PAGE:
Kerry Calls for US War Powers to Fight IS

U.S. Secretary of State John Kerry called on Congress to approve President Barack Obama’s war powers request during testimony before the Senate Foreign Relations Committee, Wednesday

«Our nation is strongest when we act together — and we simply cannot allow this collection of murderers and thugs to achieve its ambitions,» Kerry said, noting that the Islamic State militant group has captured large portions of land in Iraq and Syria threatening  «the death or submission of all who oppose it» and «the incitement of terrorist acts across the globe.»

Key members of Obama’s national security team testified before a Senate committee hearing in Washington on Wednesday, fielding lawmakers’ questions about the presidential request to use force against Islamic State militants.

Obama last month proposed an authorization of force that would last three years with limits on the use of ground troops, barring them from sustained, long-term offensive ground combat.

In addition to Kerry, Defense Secretary Ashton Carter and the Chairman of the Joint Chiefs of Staff, General Martin Dempsey, addressed the Senate Foreign Relations Committee.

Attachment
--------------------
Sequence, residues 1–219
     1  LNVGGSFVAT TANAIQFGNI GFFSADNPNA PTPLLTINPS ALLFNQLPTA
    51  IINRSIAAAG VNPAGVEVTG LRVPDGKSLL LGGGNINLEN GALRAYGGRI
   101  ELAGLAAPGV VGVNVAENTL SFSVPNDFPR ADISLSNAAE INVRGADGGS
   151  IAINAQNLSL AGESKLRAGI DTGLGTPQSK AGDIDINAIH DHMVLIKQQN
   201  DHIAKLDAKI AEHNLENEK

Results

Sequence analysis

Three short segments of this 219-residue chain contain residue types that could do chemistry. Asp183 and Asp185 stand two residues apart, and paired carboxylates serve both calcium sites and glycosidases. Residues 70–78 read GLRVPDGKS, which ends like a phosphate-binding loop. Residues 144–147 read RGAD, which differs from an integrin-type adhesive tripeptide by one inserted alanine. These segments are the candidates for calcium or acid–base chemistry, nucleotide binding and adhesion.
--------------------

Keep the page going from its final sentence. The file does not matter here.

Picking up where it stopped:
The meeting is part of a long process toward any authorization, which would need to clear both the full Senate and House of Representatives.

Pushback 

There has been pushback against the president’s plan from Republicans who disagree with limiting the use of ground troops, as well as from Democrats who do not want to see the use of any forces on the ground.

The U.S. military has been carrying out airstrikes since August in Iraq and since September in Syria as the lead in an international coalition against the militant group that seized large areas in both countries last year.

So far, according to Pentagon data, the coalition has conducted more than 2,700 airstrikes against targets such as artillery and fighting positions, vehicles and storage facilities used by the militants.

The president has said those operations do not need any new authorization and are instead covered by a measure passed following the September 11, 2011 terror attacks.

Some material for this report came from AFP

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